After travelling just a few miles his small convoy was halted by one of the local Malays who informed that the Japanese were putting road blocks on the road between him and  Ipoh,  so with a handful of men he decided to investigate.  “It was like a small path you would see going across the local park,  except that there were f— great trees and bamboo thicket forming a wall on either side.  As I stood looking at the far side,  I watched as two Japs came strolling along with their rifles slung over their shoulders,    behind them a straggling mob of them, gibbering away,  singing and  acting as if they hadn’t a care in  the world. Like snotty nosed kids, the sons of  heaven  some seemingly as pissed as newts. Others were strolling with their rifles across their shoulders just like f— Jesus Christ. I was totally out of my cage.

 Suddenly one of my men sent off a round and all hell broke loose,  a vickers opened up from somewhere close by,   then a bren.  They were not mine,  because we had not brought any.  I lay down and started to pick off the targets one by one,   it was like shooting f——— ducks at the fair ground.  They didn’t run away,  it was as if they had a death wish,  or the Jap army had men surplus to requirements and wanted to get rid of a few”

All the time Hammett was talking,   Chuck was tucking into the best meal he had seen since leaving Singapore.

“The vickers accounted for about twenty or thirty in one burst and as the Japs started to fire back a couple of four inch mortars landed among them. Finally all resistance ceased .  

One of my trackers went forward to investigate and just as he was close to where the Japs had taken cover,   then as the boy bent down to look at something on the ground,   one of the f -- Jap snipers fired from the trees and killed him.  Everyone now concentrated their fire into the tree where the shot had come from,  and the amount of lead that was thrown, was enough to kill a herd of wild animals.

The whole action had lasted about twenty minutes and as we were about to move forward,  firing came from our rear,  the Jap bastards had moved round to our rear. These slant eyed bastards did not mind how many men they lost so long as one of them reached the objective. Whoever had opened up with the machine guns must have done a runner because I looked round and all I could see was about fifteen Japs running like hell through the jungle across the position where the MG fire had been coming from.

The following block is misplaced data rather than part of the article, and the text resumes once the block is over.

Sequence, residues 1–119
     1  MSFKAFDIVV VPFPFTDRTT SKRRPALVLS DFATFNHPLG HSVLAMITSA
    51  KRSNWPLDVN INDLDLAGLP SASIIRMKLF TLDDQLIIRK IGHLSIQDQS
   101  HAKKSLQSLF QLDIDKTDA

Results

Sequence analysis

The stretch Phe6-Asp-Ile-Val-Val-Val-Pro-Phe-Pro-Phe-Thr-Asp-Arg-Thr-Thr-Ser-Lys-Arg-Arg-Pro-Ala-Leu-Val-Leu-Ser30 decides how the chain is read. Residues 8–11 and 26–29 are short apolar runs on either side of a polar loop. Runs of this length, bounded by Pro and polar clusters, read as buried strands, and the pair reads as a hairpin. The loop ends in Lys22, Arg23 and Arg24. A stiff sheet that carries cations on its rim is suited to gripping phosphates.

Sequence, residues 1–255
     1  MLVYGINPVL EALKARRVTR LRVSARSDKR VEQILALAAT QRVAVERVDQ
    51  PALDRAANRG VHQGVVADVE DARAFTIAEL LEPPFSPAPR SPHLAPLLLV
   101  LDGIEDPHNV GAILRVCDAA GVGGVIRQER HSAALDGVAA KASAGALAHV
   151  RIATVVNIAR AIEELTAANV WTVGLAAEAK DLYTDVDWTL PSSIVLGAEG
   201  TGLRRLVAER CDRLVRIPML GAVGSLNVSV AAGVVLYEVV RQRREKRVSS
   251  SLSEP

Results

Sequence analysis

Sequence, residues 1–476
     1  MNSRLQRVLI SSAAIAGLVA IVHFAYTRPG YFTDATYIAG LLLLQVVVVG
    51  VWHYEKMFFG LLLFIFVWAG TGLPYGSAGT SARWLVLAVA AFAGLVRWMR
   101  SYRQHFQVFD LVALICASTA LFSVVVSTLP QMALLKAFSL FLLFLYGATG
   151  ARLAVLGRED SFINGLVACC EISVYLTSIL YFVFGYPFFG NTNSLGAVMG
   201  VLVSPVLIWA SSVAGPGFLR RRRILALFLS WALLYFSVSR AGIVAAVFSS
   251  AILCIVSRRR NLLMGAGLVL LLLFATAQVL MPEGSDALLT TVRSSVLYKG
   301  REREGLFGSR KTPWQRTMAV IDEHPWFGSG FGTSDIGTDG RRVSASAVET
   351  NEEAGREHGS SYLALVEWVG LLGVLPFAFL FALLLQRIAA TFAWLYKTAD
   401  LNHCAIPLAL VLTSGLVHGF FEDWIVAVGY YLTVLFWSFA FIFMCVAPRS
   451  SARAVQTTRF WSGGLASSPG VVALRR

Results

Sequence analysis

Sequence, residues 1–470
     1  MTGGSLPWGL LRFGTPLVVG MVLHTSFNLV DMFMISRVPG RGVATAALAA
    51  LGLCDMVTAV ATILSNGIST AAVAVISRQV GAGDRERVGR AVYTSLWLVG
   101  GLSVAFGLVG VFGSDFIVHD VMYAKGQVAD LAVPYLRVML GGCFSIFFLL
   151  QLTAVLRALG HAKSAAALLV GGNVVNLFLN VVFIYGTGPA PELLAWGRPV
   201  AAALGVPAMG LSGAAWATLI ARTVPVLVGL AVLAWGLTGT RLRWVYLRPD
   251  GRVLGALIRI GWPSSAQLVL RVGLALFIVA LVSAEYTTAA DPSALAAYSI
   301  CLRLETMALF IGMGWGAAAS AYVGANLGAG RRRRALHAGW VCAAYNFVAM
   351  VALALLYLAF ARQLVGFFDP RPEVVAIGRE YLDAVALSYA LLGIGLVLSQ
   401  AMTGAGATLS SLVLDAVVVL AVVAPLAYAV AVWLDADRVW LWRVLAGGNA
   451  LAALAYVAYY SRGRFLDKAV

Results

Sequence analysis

We were a sorry looking bunch, what remained of us as we heaved and pulled the dead bodies of our mates off the blood soaked wagons.  We dug a few holes and buried them at the side of the road the poor bastards.

Some time later a group of Aussies turned up,  they too had been ambushed,  they had a few dead and wounded and we helped bury them alongside ours”.

Hammett shed no tears, he was never that emotional,  but every nerve in his face twitched and it was all that he could do to hold back the natural flood as he continued with his story.

I sat on the bonnet of a fifteen hundred weight truck and lit a cigarette,  when the colonel of the Malay regiment came along and gave me a handful of dog tags. The stupid bastard must have thought I was the driver. He gave me the tags and said here you are soldier take these down to KL and have the rest of the men follow me. Who was I to argue, I collected my gear,    shouted for a driver and shot back down as fast as hell.  

The last I saw of the colonel he was walking into the jungle followed by about a hundred men.    Just after we pulled away, I could hear the sound of firing coming from the place where the colonel had gone into the bush.

That was yesterday and rumour has it that I will shortly be returning to the battalion and they can stuff the British battalion.”

Chuck had listened intently to his story coming to the conclusion that all the units who were part of the relief had each been attacked by the Japanese somewhere along the line,  betrayal never crossed his mind,  but he could not rid the thoughts from his mind. .

The empty plates in front of Chuck were evidence of his starvation,  suddenly as if from a dream “What’s the chance of a shower and some clean togs” he asked “Then while you are trying to convince me that I should return to the battalion,  you  can  buy me a pint or two”.

After a thorough soak and a complete change of clothing, which seemed to dispel the feelings of depression which had been clinging to him over the last couple of days, he walked alongside Hammett to the wet canteen and listened to more about the movements of the British independent battalion. 

After saying thanks for the change of clothing,  Chuck looked down and noticed that he was wearing three stripes on his sleeve.

“This is the fastest bloody promotion I have ever had” he said looking down at the chevrons.

“It was all I could find” replied Hammett,  “if you look at your tin helmet,  you will see that you are a sergeant in the Malay volunteers, I doubt that the Japs would give a toss what kind of uniform you wear and nobody else will, so long as you point your bond hook in the right direction”.  

After drinking his first pint of McEwans since leaving Singapore, Chuck could feel the adrenaline start to flow once more and he began to reminisce, and as he and Hammett swapped anecdotes,  the younger men at the table listened in silence. Starting at the depot in Ashton under Lyne, they traversed across to Jamaica, Bermuda, Egypt, Palestine and its acclimatisation to hate all men and their baptism of fire. Then on to the present day and the Japanese.

“Do you think I’ll get a court martial ?”asked Chuck,  referring to his going AWOL.